Looking at the introductory text towards the Green Rice poem collection, I can clearly see that these poems are not just a reflection of the poet Lâm Thị Mỹ Dạ’s history, but also commentary on the limited social standing that women have within society. Lâm Thị Mỹ Dạ also mentions specifically the “traditionally Confucian culture”(xiii) as to blame for this gender imbalance of right; however, having said that it seems that she doesn’t question the validity of such beliefs. Instead, she establishes that women can be more capable than given credit for, all thanks towards their “cultural base” (xiii). I find this particularly interesting as this distances her from other feminist poets, but this could all stem from her specific upbringing as a young Vietnamese girl growing up in the Vietnam war.
The introduction also specifically mentions the motif of passing time, which most certainly is prevalent–especially after reading through the poem collection myself. Taking into consideration of the examples given in the introduction and the poems themselves, Lâm Thị Mỹ Dạ flitters through different perspectives of women, being both young and old at certain times. I like to think that Lâm Thị Mỹ Dạ does this to represent not only women of her age and stature, but also the young girls and old women that also contributed towards the war. In class, we also read certain articles on the different roles that Vietnamese women had during the Vietnam War, and I noticed that across different historical recounts, the role that Vietnamese women had are unfortunately underrated. To me, it seems very likely that Lâm Thị Mỹ Dạ is not only writing these poems to reflect upon her life, but also the thousands of women during the Vietnam War.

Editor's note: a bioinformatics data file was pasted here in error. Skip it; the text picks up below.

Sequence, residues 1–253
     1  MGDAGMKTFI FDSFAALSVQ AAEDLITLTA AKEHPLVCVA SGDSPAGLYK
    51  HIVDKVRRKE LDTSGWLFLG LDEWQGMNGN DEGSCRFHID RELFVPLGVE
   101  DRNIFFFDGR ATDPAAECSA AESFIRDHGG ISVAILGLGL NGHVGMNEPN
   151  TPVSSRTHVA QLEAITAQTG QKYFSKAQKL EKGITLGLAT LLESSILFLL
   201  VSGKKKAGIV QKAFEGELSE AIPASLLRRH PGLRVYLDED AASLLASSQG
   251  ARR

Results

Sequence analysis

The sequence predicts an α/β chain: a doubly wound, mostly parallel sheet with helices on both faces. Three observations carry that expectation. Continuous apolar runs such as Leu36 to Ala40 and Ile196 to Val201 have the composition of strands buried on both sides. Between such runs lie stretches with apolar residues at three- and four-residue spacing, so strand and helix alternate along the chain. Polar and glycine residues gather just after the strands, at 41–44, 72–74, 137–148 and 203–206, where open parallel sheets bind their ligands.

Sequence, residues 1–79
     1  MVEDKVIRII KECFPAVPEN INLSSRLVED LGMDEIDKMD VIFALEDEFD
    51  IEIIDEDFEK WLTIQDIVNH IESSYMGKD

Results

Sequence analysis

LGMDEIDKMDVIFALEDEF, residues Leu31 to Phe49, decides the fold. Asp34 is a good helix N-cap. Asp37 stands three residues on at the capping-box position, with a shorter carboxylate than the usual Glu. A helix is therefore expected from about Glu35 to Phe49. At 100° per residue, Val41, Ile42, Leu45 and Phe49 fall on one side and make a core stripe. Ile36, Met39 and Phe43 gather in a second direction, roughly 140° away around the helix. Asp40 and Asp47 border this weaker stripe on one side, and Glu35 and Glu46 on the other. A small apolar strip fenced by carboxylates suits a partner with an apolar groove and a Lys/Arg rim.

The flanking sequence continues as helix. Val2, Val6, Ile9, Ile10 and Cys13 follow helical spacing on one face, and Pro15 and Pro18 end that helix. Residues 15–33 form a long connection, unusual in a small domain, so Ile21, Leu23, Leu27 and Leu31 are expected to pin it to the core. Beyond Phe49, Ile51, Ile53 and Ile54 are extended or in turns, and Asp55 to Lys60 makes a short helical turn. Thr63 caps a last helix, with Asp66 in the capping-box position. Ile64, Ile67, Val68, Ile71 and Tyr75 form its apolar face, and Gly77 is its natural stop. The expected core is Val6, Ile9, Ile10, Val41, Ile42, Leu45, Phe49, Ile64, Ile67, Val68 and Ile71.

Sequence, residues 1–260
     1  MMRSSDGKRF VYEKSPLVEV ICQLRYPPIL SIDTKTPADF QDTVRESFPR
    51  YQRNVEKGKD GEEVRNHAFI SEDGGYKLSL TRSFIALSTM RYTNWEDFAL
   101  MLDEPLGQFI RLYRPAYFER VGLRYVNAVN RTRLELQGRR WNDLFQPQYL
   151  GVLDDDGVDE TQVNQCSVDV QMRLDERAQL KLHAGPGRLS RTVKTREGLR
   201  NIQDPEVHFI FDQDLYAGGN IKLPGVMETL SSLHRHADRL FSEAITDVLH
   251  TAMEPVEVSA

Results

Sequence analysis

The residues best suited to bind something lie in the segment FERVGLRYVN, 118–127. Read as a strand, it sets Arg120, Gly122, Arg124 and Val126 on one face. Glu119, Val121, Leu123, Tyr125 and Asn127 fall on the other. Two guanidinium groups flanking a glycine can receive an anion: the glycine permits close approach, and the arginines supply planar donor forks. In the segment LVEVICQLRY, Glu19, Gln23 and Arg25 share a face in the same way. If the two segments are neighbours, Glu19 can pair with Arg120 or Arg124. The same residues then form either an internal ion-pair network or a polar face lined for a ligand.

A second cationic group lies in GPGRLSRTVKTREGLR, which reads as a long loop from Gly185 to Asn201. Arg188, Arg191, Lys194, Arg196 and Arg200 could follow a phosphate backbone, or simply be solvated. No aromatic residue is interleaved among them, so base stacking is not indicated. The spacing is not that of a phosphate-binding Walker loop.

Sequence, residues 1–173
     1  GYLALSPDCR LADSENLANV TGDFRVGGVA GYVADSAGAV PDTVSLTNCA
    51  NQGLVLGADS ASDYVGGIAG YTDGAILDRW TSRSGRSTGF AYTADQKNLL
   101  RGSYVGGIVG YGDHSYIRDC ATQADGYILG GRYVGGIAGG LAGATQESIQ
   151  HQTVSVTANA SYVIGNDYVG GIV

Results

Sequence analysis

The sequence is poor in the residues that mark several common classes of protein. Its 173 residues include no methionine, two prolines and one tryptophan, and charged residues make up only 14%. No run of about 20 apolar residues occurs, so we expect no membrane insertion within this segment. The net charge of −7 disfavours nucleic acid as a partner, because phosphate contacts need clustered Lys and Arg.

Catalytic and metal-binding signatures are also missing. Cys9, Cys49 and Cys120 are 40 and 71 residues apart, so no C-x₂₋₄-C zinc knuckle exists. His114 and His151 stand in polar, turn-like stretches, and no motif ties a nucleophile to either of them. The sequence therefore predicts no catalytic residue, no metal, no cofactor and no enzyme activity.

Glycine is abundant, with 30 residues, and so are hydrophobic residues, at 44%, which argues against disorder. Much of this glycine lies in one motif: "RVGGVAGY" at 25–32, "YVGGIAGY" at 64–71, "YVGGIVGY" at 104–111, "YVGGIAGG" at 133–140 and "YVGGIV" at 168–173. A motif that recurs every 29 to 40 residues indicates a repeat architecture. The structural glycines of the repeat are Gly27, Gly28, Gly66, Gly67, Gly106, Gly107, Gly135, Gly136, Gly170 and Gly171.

Regarding form, this introduction also talks about how the English translation was adapted from the original collection of poems written in Vietnamese. I’m surprised that the translator had such in-depth conversations with Lâm Thị Mỹ Dạ, meaning that the English version wasn’t just a simple literal translation. Instead, different literary devices such as the poems’ flow, were “translated” as well through the lack of punctuation in separate lines. I think that although the emotional connection of the Vietnamese language is clearly disregarded in the English translation, the emotional weight of such translations allow Martha Collin’s version of Green Rice to be just as valuable as an insight into the perspective of Vietnamese women in the Vietnam War and its aftermath.